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August 20, 2022

TDS not deductible as patent/copyright not used against royalty paid

by CA Shivam Jaiswal in Income Tax, Legal Court Judgement

TDS not deductible as patent/copyright not used against royalty paid

Facts and Issues of the case

The assessee is Central Public Sector Undertaking. The assessee has entered into an agreement with University of Texas at Austin, USA. The agreement was entered to carry out research activity in collaboration with the assessee for the development of suitable chemical Enhanced Oil Recovery (EOR) formulations for its 5 reservoirs. The assessee agreed to pay to the University of Texas at Austin for the services to be availed as per the agreement for a sum of USD 0.99 million for each reservoirs which comes to USD 4.95 million in aggregate.

The assessee for an order u/s 195(2) of the Act to the ITO Int. Tax, to determine the proportion of sums chargeable to tax on which tax is required to be deducted.

The ITO Int. Tax observed that the payments to be made to University of Texas at Austin, USA are in the nature of royalties/fees for technical services. Therefore, the AO directed the assessee to deduct the TDS @ 10% (excluding education cess/surcharge) on gross payments to be made to the University of Texas at Austin, USA.

Observations by the Court

The Court has heard the rival contentions of both the parties and perused the materials available on record. The important issue before us relates whether the services rendered by non-resident University of Texas at Austin, USA to carry out research programme for development of suitable chemical Enhanced Oil Recovery (EOR) formulations in collaboration with the assessee is covered under “royalties/fees for technical services” or not.

Admittedly, the assesse is engaged in the extraction and production of mineral oil and natural gas. The assessee has entered into an agreement with the non-resident University of Texas at Austin, USA to carry out the research programme at its 5 reservoirs with the objective and scope of work as detailed in the agreement.

The assessee has made payment to avail the technical services of USD 4.95 million to University of Texas at Austin, USA. It is also pertinent to note that, the services rendered by University of Texas at Austin, USA is tax resident of USA, therefore India-USA DTAA has also to be applied in the case on hand.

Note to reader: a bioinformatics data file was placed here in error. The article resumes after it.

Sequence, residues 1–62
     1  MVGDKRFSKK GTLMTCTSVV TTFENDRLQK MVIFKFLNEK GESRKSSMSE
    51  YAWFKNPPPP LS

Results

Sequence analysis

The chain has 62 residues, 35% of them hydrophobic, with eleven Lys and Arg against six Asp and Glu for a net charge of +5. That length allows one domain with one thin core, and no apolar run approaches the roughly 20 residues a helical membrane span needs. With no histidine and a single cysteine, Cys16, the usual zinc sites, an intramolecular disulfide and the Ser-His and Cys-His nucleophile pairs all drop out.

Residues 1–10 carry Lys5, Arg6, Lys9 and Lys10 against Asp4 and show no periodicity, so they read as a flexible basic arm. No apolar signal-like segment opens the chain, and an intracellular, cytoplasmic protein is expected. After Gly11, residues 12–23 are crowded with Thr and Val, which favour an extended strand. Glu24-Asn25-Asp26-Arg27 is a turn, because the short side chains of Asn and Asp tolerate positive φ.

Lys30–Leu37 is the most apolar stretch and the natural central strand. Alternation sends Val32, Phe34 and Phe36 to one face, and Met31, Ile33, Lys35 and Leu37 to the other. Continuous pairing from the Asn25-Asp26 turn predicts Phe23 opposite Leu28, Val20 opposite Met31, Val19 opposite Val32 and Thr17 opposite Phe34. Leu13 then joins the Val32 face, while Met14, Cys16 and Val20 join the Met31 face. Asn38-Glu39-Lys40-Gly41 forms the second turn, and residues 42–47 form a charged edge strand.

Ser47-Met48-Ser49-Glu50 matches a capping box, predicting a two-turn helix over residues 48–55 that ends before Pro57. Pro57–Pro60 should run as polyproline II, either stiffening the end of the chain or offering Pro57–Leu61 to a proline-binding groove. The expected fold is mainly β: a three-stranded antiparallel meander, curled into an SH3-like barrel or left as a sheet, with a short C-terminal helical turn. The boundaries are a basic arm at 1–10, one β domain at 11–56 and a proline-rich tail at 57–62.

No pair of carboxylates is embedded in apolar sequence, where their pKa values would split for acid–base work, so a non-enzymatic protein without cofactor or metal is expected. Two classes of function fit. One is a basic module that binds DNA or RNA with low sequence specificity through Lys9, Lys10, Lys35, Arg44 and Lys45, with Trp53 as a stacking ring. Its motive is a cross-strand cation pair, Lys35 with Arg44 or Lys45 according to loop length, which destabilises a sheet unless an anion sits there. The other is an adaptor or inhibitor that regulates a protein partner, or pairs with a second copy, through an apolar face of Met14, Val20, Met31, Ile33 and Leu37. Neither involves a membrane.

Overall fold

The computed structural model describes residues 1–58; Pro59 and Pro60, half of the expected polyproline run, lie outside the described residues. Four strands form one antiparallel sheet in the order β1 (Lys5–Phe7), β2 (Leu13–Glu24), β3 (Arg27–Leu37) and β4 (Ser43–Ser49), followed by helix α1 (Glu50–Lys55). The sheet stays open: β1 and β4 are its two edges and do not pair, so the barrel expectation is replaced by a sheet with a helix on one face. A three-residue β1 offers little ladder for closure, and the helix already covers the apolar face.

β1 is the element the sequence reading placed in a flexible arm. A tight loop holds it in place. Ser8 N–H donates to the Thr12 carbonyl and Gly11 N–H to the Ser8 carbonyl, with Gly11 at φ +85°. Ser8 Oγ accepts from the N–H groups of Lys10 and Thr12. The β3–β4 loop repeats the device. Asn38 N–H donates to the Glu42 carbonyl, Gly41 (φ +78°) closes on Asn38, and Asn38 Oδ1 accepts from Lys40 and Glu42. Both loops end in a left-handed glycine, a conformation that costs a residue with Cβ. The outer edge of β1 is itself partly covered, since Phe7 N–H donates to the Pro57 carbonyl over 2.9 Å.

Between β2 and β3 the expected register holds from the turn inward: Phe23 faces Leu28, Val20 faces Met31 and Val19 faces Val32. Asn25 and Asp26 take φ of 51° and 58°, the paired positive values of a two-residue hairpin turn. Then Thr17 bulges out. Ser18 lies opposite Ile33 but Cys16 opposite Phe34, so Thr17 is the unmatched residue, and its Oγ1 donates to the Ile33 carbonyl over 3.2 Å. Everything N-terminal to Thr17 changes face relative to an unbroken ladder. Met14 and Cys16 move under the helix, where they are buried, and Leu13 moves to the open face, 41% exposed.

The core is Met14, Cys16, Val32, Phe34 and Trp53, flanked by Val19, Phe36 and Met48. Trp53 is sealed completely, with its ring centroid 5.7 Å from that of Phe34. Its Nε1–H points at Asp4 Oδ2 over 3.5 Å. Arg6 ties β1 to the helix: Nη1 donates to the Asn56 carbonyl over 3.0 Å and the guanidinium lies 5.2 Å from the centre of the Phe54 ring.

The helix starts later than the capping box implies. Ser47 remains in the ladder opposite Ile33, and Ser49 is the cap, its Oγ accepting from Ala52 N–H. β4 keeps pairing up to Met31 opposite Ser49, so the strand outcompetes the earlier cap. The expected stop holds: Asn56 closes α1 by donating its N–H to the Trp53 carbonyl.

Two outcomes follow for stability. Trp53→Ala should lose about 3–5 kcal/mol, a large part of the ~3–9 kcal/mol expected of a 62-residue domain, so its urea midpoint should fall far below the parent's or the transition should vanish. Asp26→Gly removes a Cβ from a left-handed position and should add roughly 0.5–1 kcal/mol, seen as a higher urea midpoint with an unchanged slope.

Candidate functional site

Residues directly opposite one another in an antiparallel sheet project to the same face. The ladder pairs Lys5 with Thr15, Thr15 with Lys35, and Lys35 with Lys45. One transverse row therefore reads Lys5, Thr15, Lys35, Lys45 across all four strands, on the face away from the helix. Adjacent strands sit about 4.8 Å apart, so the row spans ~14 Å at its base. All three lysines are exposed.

From the statutory provisions of section 9 of the Act and the relevant clauses of article 12 in the DTAA, it is clear that there is marked distinction between royalty and fees for technical services. Section 90 which deals with the Double Taxation relief provides that the provisions of the DTAA override the provisions of the Income-tax Act in the matter of ascertainment of chargeability to Income-tax and ascertainment of total Income-tax.

The test is whether the recipient of the service is equipped to carry on his business without reference to the service provider. If he is able to carry on his business in future without the technical service of the service provider in respect of services rendered then, it would be said that technical knowledge is made available.

It is in this background one has to look at the facts of this case, in order to find out whether the service provider has made available the technical knowledge to the assessee so as to fasten the liability of payment of tax. In this connection, we have referred the agreement between the assessee and University of Texas at Austin, USA, defining the scope of work and note that there was neither any patent/copyright used by the assessee against which the royalty was paid nor there was any technical know-how which was made available to the assessee. Thus in such facts and circumstances there is no liability on the assessee to deduct the TDS in pursuance to the Article 12 of India-USA DTAA.

From the above, there remains no ambiguity to the fact that there was any royalty payment made by the assessee or any technical know-how was received by the assessee. Accordingly, we set aside the finding of the CIT-A and direct the AO to delete the addition made by him.

Conclusion

When neither copyright nor patent is used by an individual against whom royalty was paid or technical know-how made available to them then TDS is not deductible.

Oil-and-Natural-Gas-Corporation-Limited-Vs-ITO-ITAT-Ahmedabad

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